In her book The Gifts of Imperfection, Brene Brown writes, “Authenticity is a collection of choices that we have to make every day. It’s about the choice to show up and be real. The choice to be honest. The choice to let our true selves be seen.” It is not easy to let our guard down and be vulnerable because who we are and what people expect us to be can be very different. It’s a balance between being forthright and sensitive. This means that what we say, mean, and do are all in alignment. When this happens we are being authentic and are worthy of trust. We will also have a peaceful heart.
If I am honest, I will have to admit that some days I’m better at being authentic than others. I’m going to go out on a limb and say that for most of us, there is a daily struggle between who we think we should be and who we are, with all our crazy imperfections. Inside all of us are magnificent possibilities, but frequently those possibilities are challenged by our culture, and it likes to dictate an ideal image concerning how we look, eat, play, dress, work, travel, and house ourselves. To fit in we must be people pleasers, and if we fail to do that, we are simply not good enough.
Brene Brown has spent a lot of time researching this subject, and here is what she says choosing authenticity really means:
- Cultivating the courage to be imperfect, to set boundaries, and to allow ourselves to be vulnerable
- Exercising the compassion that comes from knowing that we are all made of strength and struggle
- Nurturing the connection and sense of belonging that can only happen when we believe we are enough
Daring to be authentic takes a great deal of courage. It means stepping out of our comfort zone, being willing to be misunderstood, and risking criticism. That’s asking a lot! We don’t want our authenticity to be interpreted as selfishness, or even worse, the total self-absorption of narcissism. And the people around us may not be grateful for our authentic endeavors, especially if it means we aren’t taking care of everyone and everything the way we used to.
So why do we go to all this trouble? We do this because authenticity is the key to our own health and well-being. We embrace who we are because we all arrived on this planet bearing our own personal perspective and unique gifts to share. We share who we truly are because that encourages and enables others to reveal their true selves. Risking vulnerability produces the most meaningful relationships. Being honest with ourselves nourishes our soul and is a model for the children and adults in our life.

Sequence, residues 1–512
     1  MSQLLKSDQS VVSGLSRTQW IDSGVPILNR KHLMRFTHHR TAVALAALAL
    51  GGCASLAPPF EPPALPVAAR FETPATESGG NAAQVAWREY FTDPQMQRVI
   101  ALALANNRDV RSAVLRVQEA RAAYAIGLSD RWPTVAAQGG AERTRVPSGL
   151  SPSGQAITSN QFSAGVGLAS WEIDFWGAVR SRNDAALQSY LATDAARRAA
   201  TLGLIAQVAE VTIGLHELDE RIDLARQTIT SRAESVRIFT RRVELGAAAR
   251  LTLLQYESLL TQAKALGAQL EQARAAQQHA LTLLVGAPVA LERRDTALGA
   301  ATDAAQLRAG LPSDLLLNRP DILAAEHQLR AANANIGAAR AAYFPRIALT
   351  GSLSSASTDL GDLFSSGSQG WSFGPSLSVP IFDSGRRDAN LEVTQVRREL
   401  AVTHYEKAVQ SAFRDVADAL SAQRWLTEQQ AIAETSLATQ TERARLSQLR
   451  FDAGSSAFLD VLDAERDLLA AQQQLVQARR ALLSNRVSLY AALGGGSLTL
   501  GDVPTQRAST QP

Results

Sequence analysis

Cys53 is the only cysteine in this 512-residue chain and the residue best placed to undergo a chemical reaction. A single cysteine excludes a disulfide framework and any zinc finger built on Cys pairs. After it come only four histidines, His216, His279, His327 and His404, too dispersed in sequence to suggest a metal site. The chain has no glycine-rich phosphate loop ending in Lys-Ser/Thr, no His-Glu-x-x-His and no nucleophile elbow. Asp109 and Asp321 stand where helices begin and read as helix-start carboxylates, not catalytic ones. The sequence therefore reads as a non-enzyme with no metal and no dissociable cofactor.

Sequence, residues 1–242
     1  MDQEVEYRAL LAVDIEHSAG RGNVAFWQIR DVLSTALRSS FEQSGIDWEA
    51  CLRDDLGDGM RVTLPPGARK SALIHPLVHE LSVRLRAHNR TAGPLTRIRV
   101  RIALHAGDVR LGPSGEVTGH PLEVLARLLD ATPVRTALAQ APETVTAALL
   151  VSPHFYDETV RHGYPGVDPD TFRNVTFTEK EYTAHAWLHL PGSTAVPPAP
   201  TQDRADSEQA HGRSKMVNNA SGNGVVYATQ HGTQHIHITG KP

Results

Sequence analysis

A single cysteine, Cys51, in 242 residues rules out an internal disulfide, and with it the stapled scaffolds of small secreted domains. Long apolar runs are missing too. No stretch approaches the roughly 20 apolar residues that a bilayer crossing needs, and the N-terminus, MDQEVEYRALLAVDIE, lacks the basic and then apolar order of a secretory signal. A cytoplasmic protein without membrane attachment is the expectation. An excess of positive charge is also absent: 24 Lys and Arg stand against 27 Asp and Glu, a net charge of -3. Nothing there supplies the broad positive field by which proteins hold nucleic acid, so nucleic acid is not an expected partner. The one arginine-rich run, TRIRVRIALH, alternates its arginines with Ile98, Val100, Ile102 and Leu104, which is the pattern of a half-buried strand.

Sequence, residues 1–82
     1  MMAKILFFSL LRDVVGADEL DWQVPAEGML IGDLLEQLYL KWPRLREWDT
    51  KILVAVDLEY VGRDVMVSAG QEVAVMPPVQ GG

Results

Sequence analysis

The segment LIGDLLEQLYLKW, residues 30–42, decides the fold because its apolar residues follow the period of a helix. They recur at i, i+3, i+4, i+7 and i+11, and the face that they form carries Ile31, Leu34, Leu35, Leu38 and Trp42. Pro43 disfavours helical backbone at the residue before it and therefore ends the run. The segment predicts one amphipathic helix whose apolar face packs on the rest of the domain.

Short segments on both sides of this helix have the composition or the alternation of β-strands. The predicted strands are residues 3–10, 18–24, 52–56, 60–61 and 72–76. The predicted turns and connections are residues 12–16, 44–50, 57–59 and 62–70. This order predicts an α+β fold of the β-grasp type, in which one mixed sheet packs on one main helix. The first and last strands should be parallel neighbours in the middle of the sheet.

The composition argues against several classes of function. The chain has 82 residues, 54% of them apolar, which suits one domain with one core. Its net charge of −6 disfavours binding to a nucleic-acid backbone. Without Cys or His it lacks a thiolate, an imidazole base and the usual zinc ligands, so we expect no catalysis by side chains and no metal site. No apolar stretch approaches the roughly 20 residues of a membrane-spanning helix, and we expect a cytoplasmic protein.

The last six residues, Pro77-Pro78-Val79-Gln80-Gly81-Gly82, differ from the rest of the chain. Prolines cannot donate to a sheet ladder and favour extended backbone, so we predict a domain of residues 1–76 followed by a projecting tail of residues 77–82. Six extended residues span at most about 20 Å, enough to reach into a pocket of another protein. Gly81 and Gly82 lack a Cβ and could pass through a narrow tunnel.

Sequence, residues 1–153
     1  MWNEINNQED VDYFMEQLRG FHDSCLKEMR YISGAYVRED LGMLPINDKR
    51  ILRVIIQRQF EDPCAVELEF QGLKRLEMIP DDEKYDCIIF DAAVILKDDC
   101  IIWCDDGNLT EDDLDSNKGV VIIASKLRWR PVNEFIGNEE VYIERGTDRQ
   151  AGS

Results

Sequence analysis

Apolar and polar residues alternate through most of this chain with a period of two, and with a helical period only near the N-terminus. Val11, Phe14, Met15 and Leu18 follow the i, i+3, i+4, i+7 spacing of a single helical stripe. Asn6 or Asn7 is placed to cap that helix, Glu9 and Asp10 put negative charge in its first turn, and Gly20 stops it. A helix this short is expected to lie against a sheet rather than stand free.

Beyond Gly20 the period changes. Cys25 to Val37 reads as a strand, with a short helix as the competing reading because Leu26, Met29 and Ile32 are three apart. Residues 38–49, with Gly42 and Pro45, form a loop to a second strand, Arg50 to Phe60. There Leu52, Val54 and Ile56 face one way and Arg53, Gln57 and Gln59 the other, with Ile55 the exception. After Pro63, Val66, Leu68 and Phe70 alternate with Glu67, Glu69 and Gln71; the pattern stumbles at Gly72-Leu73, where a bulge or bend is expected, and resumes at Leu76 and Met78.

What do we do on days when we feel fragile and frightened? We treat ourselves with kindness, love, gentleness, and respect. We listen to our inner strength and our intuition (that still, small voice of our Higher Power), and lessen our anxiety by taking time for self-reflection and meditation. By reflecting on past experience, we clarify what we need to do now. When we continue to say what we mean, we resist being pressured to make promises we know we can’t keep. This promotes personal harmony and strengthens courage. We remind ourselves that life is short and precious, so it’s a waste of time to get trapped in other people’s expectations.
If we live from a genuine place, we’re better able to live in the present, which keeps us from reliving what we perceive to be past mistakes. We appreciate ourselves, flaws included, and don’t take ourselves too seriously. It helps if we can laugh at our foibles. We can only speak our truth if we do not allow the opinion of others to hold us hostage. Easier said than done, but so rewarding. C.G. Jung wrote, “The privilege of a lifetime is to become who you truly are.”
Until we can boldly acknowledge our own unique radiance to ourselves, we are not able to share it with others. Healthy relationships require transparency and trust, but we first need to be honest with ourselves. We all have messy flaws, we’re all a work in progress. If we can truly be genuine, which is the best we can be, others around us will dare to do the same.
Life can give us challenges we’re not sure we can handle – cancer is one of them. Living authentically means we ask for what we need, set self-protective boundaries, pursue answers to our questions, and practice patience for the process we’re in. Setbacks are acknowledged but do not keep us from moving forward. We stand firm in the truth that we know our bodies best and, although we listen to advice, the decision-making belongs to us. When we are in touch with our deepest inner self, we allow the full expression of ourselves to emerge. That is authenticity.
Daring to be authentic is a challenge, but one with big rewards. Being true to ourselves is the best gift we can give ourselves and the people we love. Let’s encourage each other to be truly ourselves.
Until Next Time – Sylvia